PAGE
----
The views expressed here belong to the author and are not an official position of the U.S. Navy.
This month, I had the pleasure of attending a seminar at the George C. Marshall European Center for Security Studies in Germany, where I encouraged leaders to think about a new U.S.-Russia relationship—one centered on an opening Arctic region.
In a keynote address Feb. 7, I offered my own vision for U.S. policy toward Russia.
In front of 45 thought leaders and practitioners from Russia, Europe, Asia and North America at the European Security Seminar-North, I acknowledged that Russia should be the starting point for a new American policy in the Arctic region.
Any policy that attempts to sidestep, marginalize or contain Russia in the Arctic is unrealistic, harmful and would be doomed to failure.
I believe that America wants transparency and peace with Russia, recognizing that the Arctic is a key source of pride and progress.
This conviction is born out of respect for the Russian people, the Russian Arctic and a shared history that goes beyond simply competition.
From the Eastern Front to the arctic convoys of World War II, cooperation between Russia and America was essential to liberating Germany from Nazi rule -- reminding us all that there’s more that unites us than divides us. That’s why I decided to deliver this message at the Marshall Center.
The United States and Russia should relentlessly defend their vital interests, but be prepared to find compromise and consensus on other issues as long as they don’t jeopardize core values and principles.
America’s interests in the Arctic region, like other regions around the world, will be shaped largely by whether freedom finds a foothold in nations and territories where democratic forces are being stifled.
As northern neighbors, America and Russia retain majority of energy resources in the Arctic and share the Bering Strait—an emerging global choke point where the U.S. and Russia work quite closely today.
Just as it will take decades before we see an ice-free Arctic, it will take nearly as long to completely thaw and realign our relationship. This won’t be easy given historical and current tensions.
Despite the contentious history between the two nations today, I believe the U.S. and Russia should maintain a military-to-military relationship to minimize miscalculations between forces, foster greater personal connection between people and gain mutual cooperation on specific international security issues -- like the proliferation of weapons of mass destruction, international terrorism, climate change and pandemic diseases.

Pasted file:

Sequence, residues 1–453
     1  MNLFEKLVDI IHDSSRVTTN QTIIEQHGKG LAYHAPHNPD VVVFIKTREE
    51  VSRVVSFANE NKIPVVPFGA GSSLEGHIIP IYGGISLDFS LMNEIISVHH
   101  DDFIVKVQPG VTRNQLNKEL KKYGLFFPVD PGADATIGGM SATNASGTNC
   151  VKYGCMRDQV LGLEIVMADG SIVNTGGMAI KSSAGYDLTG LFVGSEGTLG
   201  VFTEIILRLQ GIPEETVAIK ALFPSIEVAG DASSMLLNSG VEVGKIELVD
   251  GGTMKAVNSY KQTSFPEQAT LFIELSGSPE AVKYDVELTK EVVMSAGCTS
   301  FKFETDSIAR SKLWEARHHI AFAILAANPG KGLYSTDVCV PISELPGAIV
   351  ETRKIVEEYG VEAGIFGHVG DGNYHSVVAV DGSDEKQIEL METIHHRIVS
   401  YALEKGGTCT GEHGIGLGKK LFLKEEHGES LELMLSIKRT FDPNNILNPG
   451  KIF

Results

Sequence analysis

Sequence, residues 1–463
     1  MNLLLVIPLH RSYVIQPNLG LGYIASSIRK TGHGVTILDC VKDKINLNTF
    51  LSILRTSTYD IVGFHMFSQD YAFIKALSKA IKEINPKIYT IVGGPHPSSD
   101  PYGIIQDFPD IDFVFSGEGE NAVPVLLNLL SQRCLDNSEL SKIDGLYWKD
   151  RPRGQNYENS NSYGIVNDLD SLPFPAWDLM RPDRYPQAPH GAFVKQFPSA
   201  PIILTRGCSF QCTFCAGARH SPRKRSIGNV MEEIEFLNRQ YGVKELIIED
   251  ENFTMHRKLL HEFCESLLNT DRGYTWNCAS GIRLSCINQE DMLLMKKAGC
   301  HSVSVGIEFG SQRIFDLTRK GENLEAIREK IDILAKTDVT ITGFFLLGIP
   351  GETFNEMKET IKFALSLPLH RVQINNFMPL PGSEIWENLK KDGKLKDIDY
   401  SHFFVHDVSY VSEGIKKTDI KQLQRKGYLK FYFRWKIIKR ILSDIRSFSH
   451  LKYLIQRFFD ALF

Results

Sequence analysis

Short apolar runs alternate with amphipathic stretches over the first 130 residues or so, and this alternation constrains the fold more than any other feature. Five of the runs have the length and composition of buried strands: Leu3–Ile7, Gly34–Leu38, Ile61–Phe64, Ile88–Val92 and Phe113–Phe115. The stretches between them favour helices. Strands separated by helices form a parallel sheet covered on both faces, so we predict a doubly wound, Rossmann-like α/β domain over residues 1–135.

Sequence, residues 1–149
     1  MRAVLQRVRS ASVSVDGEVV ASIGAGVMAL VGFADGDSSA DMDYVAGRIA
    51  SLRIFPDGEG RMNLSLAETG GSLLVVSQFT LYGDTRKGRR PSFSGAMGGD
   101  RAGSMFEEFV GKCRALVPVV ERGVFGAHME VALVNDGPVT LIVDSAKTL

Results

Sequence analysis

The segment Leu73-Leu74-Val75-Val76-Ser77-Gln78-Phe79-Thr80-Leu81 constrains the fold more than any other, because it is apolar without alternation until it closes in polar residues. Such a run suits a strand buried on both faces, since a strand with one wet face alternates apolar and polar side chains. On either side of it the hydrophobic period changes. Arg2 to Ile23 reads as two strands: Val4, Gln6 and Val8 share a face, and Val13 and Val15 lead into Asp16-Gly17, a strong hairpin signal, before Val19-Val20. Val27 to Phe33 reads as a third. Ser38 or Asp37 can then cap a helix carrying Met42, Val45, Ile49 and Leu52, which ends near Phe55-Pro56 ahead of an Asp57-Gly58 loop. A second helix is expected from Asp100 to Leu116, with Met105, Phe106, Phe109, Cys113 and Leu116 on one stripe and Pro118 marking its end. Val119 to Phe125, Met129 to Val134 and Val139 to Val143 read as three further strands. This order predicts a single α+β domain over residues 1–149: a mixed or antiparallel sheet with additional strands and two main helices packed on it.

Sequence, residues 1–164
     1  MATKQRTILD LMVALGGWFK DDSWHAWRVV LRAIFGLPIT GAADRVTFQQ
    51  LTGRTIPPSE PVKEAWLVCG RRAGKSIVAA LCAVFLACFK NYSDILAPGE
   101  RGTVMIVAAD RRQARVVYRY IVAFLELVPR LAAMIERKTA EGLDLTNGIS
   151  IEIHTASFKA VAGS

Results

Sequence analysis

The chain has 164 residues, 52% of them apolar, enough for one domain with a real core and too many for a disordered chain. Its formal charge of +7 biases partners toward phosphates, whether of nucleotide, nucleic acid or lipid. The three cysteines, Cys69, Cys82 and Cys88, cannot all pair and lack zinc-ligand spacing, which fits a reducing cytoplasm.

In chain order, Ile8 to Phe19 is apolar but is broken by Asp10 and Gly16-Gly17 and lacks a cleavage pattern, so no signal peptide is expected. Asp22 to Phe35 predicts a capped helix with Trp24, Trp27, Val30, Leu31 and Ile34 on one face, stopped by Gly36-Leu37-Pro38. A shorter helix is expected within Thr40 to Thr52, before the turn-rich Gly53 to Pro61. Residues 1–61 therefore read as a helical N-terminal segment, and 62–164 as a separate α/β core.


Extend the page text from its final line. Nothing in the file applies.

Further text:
I called for three bold ideas to move the needle on Arctic cooperation -- including a first-of-its-kind Arctic head-of-state summit to advance regional economic development and security, and a new “five eyes” agreement that would share maritime intelligence among the five Arctic coastal states.
In a region where the United States and Russia have special interests and capacity, there are opportunities for new cooperation—especially to further joint efforts in governing and exploring the Arctic.
I include among these possibilities a joint expedition to the North Pole by scientists and sailors. The Arctic offers little problems of sovereignty, and members of the Arctic Council and the United Nations agree that international law will apply.
Why, therefore, should the Arctic be a matter of national competition between the United States and Russia? Why should they, in preparing for an opening Arctic, duplicate efforts in research and development?
Discussions over the week ranged broadly over a number of security challenges and opportunities. We had very focused, very candid discussions of where our interests converge, especially in the area of confidence-building measures.
All these and other new steps toward cooperation may be possible. Most will require consultation with allies, for their interests are as much involved as our own, and no agreement should be made at their expense. And while most agreements will require long and careful negotiations, all will require trust.
We can build trust by seeing each other not solely as nations, but as people. We have the power to make this new ocean one of peace—or make it the last.
Walter Berbrick is an associate professor in U.S. Naval War College’s War Gaming Department and director of the college’s Arctic Studies Group.